Instead, we got a movie about Deborah’s feelings being hurt. She was embarrassed that David Irving can talk circles around her in person, even if she’s the author who is actually on the correct side of history. Then, we see her fight tooth and nail against the legal team she employs because they don’t want victims’ or Deborah’s testimony. They want to pick apart the accuracy of Irving’s work. So when Deborah yells at the lawyers and gets emotional, it makes her character seem impeccably weak. She refuses to understand what they’re trying to do, and frankly, I was on the side of the legal team throughout the film’s entire run-time, because Rachel Weisz’s performance of Deborah makes her seem like a complete moron (sorry). Of course we don’t want her to testify. She does the thing where she refuses to make valid points but instead just gets angry and emotional. Her character is largely reprehensible, and so is Irving. It’s just that Irving is smarter.

Spall and Wilkinson (her attorney), both dramatically acclaimed actors, do excellent work in this film. There are no complaints from me about the actual substance of the performances or drama. The film has high stakes, nice tension, and a good dramatic currency that could have paid off with an excellent third act. In reality, we just hate our protagonist so much that we disengage.

I also just want to say that my harshness about the issues with this movie is in no way trying to state that I side or sided with David Irving. The conservative propaganda that is incited by his falseness is worse than anything we could see today on a FOX News or MSNBC. To deny the Holocaust and condone Hitler’s (and his armada of political subsidiaries’) actions is to insult the entirety of Western civilization. It’s just that the film made it about the lawsuit and wanted us to sympathize with the incessant whining of the Weisz character. If she was just willing to put aside her biases and see the actual purview of the court proceeding, she would be able to be honest with herself about why she shouldn’t get questioned by the much more charismatic and centered Irving. If we’re talking about whether or not she insulted him with her writing, we don’t need Holocaust victims to testify. We are comparing apples and oranges. So, for a movie to have me begin to show sympathy for the Holocaust denier shows the absolute failure of this film to either twist the facts to make our side dramatically prudent or reign in the annoyance of the protagonist to make her more understanding.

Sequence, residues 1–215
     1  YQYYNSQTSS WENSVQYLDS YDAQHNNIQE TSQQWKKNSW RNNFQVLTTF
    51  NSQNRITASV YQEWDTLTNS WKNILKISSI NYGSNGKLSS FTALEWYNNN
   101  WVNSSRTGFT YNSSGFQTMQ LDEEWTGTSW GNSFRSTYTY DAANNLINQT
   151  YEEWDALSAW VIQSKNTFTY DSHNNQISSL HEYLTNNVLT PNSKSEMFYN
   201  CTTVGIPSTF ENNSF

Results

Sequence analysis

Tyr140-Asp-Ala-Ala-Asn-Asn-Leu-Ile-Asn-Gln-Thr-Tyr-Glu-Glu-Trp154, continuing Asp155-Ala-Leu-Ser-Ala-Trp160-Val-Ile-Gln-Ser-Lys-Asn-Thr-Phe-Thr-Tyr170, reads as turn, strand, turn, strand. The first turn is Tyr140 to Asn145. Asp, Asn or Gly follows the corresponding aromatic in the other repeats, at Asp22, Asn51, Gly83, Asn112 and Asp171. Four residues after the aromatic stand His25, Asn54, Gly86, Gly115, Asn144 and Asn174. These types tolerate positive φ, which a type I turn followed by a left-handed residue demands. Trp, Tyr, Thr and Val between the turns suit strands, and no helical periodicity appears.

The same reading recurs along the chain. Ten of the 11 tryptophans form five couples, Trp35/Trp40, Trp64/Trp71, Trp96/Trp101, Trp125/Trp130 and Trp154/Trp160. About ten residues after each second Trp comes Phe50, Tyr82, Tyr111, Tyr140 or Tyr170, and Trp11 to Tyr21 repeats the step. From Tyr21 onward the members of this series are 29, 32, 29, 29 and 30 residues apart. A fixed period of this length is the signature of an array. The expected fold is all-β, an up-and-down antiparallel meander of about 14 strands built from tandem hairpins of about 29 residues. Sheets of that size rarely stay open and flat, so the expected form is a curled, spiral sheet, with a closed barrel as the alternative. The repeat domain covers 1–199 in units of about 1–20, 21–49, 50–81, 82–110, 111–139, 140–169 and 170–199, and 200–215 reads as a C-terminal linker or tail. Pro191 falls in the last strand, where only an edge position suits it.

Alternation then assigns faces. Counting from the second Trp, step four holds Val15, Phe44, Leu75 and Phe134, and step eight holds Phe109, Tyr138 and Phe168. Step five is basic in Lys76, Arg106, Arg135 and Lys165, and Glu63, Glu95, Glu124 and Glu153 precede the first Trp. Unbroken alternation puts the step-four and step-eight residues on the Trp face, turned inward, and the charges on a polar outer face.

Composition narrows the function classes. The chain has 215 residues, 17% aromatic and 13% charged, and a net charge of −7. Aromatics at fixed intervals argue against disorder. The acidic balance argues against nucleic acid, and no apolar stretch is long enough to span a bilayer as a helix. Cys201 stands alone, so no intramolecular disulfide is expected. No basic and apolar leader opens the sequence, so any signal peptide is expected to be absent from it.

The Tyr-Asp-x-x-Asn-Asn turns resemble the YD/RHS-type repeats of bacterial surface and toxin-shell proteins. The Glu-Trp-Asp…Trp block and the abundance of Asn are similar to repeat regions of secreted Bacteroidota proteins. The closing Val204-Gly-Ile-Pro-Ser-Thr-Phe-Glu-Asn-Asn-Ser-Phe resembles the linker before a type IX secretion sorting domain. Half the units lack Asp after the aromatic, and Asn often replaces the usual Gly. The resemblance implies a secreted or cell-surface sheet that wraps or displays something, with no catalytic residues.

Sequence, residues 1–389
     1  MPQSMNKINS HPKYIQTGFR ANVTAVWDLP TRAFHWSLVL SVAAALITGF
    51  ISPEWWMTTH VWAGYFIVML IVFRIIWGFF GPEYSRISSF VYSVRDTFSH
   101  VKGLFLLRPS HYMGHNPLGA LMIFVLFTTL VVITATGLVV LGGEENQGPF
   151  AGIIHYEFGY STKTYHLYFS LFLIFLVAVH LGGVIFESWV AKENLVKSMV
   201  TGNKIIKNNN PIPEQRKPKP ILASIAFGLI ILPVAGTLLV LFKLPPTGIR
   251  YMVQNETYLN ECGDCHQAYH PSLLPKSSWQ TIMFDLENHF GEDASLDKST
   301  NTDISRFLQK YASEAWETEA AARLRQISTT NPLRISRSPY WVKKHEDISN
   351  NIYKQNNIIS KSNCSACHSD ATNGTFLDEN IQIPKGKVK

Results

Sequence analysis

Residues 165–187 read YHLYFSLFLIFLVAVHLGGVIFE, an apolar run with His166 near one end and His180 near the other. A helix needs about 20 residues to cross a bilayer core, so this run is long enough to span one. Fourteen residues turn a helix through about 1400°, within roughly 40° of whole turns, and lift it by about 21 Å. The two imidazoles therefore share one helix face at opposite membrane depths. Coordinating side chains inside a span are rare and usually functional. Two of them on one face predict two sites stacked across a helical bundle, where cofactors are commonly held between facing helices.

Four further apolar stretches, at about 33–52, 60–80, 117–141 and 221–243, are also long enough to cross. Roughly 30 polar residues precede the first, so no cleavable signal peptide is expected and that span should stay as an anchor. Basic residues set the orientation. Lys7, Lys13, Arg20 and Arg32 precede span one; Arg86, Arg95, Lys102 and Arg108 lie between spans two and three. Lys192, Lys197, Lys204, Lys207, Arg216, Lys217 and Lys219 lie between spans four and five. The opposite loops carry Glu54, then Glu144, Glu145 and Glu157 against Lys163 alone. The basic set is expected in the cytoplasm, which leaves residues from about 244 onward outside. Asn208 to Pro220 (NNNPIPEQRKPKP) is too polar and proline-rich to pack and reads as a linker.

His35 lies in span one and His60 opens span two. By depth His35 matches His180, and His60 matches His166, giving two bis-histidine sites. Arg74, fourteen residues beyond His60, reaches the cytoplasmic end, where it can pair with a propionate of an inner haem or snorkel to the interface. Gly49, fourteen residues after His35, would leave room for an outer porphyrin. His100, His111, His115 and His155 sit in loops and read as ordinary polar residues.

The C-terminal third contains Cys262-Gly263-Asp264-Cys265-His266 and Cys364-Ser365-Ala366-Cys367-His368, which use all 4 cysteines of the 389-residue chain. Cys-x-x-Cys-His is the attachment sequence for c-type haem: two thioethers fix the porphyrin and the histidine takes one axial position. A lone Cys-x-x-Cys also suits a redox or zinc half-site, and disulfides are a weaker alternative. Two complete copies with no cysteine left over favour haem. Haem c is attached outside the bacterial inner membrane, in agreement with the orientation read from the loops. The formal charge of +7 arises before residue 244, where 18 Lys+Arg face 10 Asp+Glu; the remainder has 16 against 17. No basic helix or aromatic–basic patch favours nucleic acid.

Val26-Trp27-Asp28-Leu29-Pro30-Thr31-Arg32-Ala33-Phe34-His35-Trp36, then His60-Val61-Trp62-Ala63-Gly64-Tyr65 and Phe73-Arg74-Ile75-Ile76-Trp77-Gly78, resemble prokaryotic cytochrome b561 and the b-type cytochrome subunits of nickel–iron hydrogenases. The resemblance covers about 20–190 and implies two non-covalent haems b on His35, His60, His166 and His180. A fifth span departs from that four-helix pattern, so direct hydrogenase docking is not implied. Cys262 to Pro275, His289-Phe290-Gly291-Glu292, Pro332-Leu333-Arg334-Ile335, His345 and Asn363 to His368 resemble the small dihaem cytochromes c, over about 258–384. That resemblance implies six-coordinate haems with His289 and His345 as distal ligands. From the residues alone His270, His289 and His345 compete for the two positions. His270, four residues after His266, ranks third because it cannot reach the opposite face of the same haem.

Although it puts the performances and drama in the right place often enough, I just can’t give a positive score to a film that I hated, even if it’s not the most objective criticism in the world.


2.5 stars

Denial (2016)

Genre: Drama

Director: Mick Jackson (L.A. Story, Volcano, The Bodyguard)

Starring: Rachel Weisz, Timothy Spall, Tom Wilkinson, Andrew Scott, and Hilton McRae

RT Score: 79%


Sometimes, a film will forego an over-plot to give us a little less than a true three act structure, deviating from the standard in a way that showcases the director’s vision in a more unique way. Among these deviations, or at least the most famous, is what I like to call the “slice of life” modicum, a window into the lives of a character or characters to put the audience in that environment fully. Our characters’ conflicts in Certain Women are not really the reason why the film remains interesting despite a very gloomy and uneventful run-time. It’s more that we’re being exposed to a type of life that we don’t know. Director Kelly Reichardt may have watched Alexander Payne’s excellent Nebraska, and thought, “hey, I can do that.”